Victor (Walter Perez) is a producer who exists to connect Malik to Denise. He graduates.
Anna Maria Perez de Tagle plays an Asian girl whose name I never caught. She gets a job on Sesame Street and fails out of P.A. when her grades fall below a C average.
Alice (Kherington Payne) is a bored snob who has talent and briefly dates Victor, I guess. But she’s played by the So You Think You Dance girl, so none of that matters and life goes on regardless of her existence.
The only characters in the film that actually work are the teachers played by Kelsey Grammer, Charles S. Dutton, Megan Mullally and Bebe Neuwirth. Mullally is the only teacher who gets a humanizing backstory to illustrate how not everyone is going to be famous based on talent alone. The rest of the adults just know how to act, adding sadness, pride and wisdom as undercurrents to their performance. They aren’t written any better so this ends up highlighting how under-performed the kids are, maybe because the adolescent actors spent too much time rehearsing choreography and not enough time adding depth to their brief moments in the spotlight.
The performance aspect of Fame 2009 should have been the saving grace of the film. I still dig Step Up 2 The Streets because the ending dance scene in the rain is done well enough to make me forgive the drivel that comes before it. Sadly, Fame seems to think that the only thing that has changed between 1980 and now is pitch-corrected vocals and the pervasive inclusion of hip hop. The songs and dances want so hard to be organic, but they never are. Kherington Payne has a sexy piece of choreography that gets intercut with a dramatic scene between Kevin and his dance teacher, but not because the content of the dance informs the dialogue, but because it was time for another Kherington Payne scene and her character wasn’t up to anything interesting.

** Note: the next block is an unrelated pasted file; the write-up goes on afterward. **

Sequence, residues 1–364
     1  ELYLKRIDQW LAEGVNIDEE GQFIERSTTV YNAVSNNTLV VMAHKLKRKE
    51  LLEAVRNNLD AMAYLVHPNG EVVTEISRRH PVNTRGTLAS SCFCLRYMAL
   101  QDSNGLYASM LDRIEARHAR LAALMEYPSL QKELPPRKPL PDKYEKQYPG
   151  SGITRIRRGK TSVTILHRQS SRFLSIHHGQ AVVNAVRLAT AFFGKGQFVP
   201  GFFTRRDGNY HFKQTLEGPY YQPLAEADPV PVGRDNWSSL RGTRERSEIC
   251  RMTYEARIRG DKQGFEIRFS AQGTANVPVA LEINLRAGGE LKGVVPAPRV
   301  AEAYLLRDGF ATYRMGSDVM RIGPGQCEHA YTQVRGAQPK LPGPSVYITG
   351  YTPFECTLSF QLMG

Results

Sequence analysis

And – JESUS – we get it: hip hop beats and rapping are here to stay. High School Musical was a hit and all, but a movie with the plot of Fame shouldn’t forget that talent isn’t always what’s in the pop culture zeitgeist of your target audience. I’m sure there’s modern dance, ballet, concertos and operettas that teens would enjoy if Fame was interested in presenting anything in an interesting way.
This is the directorial debut of Kevin Tancharoen, who might as well be a robot for how bland this film looks. It’s not bad, but it never catches your attention. Even when the camera tries to create excitement by highlight specific pieces of chorography, it creates a division between “performance” scenes and hand-held “dramatic” scenes. An argument could be made that these characters only see their lives as stable while they are performing, but I don’t think Kevin’s that deep into his directorial job. At least let’s hope he’s not, because this level of mediocrity shouldn’t be anyone’s magnum opus of directing.
Fame may be the movie I had the least fun at all year, right down to my squeaky theater seat which made me self conscious of shifting my weight lest I distract the dead-quiet audience being subjected to cinematic oatmeal in front of us.
Why remake Fame if you don’t want to say anything about how the concept of fame has changed for the gifted youth of today? They have less public music programs and more access to internet fame. A DJ could have gotten sued for copyright infringement instead of the forgettable filmmaker character getting taken by a fake producer, someone could have found early-and-unwanted fame and had to deal with the paparazzi. Hell, there isn’t even a gay character to be handled stereotypically, and aren’t we supposed to be putting different sexual identities in our culture’s fictional high schools?
There’s just nothing interesting about Fame. You could have the exact same experience watching half-an-episode of American Idol, half-an-episode of So You Think You Can Dance and reading Chicken Soup For The Soul during commercial breaks. And doesn’t that sound fun?